So, it simply boggles the mind that David did not ask any questions in this situation. It is probably pretty certain that Mephibosheth over the demonstrated his loyalty to David over the years. But here, David was just so easy to believe what Ziba was saying about Mephibosheth.

That then is the thing that has troubled me since yesterday morning when I first read this passage. What is it that God is trying to teach us in this passage? There is no wasted passage in the Bible. Each passage has something to teach us when we really study a passage. Sometimes, at a surface level reading, we may think of certain passages as throw-away. You know like filler in between important sequences. Like a commercial in strategically placed places in the flow of a movie on television. Strategically placed commercials in a movie give you a break between the heavy action or heavy issue parts of movie where you can catch your breath. It can even be a bathroom break. When we read the Bible at just a surface level some passages just seem like that – you know when you can say I read the Bible in 90 days or something where you speed through it but not really understand or delve into what you are reading. Not that there is anything wrong with a 90 day crash course in reading the Bible from beginning to end (often we need to do that just as a discipline development technique). At a surface level, this seems like a commercial break between the intense passages of 2 Samuel. But when you want to read deep in a passage, this passage kind of stumps you. What is that nugget that God wants us to see? What is that universal truth that God pours out in this passage to help us become more Christ-like.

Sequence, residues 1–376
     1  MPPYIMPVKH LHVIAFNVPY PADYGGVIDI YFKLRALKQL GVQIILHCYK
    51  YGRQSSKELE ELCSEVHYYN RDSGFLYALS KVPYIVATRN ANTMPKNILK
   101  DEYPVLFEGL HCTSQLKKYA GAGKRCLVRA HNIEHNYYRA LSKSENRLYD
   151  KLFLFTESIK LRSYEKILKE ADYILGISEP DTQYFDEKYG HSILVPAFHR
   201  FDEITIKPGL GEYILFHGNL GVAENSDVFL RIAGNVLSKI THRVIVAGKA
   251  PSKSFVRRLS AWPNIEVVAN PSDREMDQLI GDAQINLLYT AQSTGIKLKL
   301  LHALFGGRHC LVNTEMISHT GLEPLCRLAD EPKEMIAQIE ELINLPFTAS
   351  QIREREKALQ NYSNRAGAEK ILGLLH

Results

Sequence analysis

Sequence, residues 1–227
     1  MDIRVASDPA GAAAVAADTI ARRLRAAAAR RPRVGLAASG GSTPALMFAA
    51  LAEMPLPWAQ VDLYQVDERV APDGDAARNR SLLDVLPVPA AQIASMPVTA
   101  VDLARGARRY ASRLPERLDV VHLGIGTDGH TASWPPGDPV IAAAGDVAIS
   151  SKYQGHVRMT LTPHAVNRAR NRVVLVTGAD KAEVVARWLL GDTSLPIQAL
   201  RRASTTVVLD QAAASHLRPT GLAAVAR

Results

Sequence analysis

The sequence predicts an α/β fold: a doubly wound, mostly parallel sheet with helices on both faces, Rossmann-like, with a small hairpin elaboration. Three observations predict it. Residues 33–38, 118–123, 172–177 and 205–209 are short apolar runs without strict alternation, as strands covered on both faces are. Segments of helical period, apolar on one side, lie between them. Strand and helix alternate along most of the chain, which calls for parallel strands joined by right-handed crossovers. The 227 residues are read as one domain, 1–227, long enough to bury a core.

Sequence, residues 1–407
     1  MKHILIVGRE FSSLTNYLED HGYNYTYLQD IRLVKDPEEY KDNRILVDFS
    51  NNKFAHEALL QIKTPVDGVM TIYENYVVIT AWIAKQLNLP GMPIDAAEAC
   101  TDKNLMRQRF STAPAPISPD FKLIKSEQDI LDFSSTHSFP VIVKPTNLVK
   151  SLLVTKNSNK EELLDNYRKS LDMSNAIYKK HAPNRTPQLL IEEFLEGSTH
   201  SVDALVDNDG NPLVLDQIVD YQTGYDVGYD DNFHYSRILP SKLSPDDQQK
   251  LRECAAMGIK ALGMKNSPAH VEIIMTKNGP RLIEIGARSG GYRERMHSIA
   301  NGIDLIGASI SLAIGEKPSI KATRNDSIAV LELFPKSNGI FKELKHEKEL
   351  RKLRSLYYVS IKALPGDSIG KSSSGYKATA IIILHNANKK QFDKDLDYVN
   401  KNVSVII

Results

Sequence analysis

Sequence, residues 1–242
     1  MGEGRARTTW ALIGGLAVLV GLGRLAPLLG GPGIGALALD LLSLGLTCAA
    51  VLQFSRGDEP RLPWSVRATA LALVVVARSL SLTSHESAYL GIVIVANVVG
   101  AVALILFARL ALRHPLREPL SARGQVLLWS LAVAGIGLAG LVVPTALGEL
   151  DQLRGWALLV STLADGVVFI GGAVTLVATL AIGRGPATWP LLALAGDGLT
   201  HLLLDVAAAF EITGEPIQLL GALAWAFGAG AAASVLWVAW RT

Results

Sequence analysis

So, let’s read this passage together and try to figure out what is that single truth that comes out of this passage that God wants us to learn:

Chapter 16
1 When David had gone a little beyond the summit of the Mount of Olives, Ziba, the servant of Mephibosheth,[a] was waiting there for him. He had two donkeys loaded with 200 loaves of bread, 100 clusters of raisins, 100 bunches of summer fruit, and a wineskin full of wine.

2 “What are these for?” the king asked Ziba.

Ziba replied, “The donkeys are for the king’s people to ride on, and the bread and summer fruit are for the young men to eat. The wine is for those who become exhausted in the wilderness.”

3 “And where is Mephibosheth, Saul’s grandson?” the king asked him.

“He stayed in Jerusalem,” Ziba replied. “He said, ‘Today I will get back the kingdom of my grandfather Saul.’”

4 “In that case,” the king told Ziba, “I give you everything Mephibosheth owns.”

“I bow before you,” Ziba replied. “May I always be pleasing to you, my lord the king.”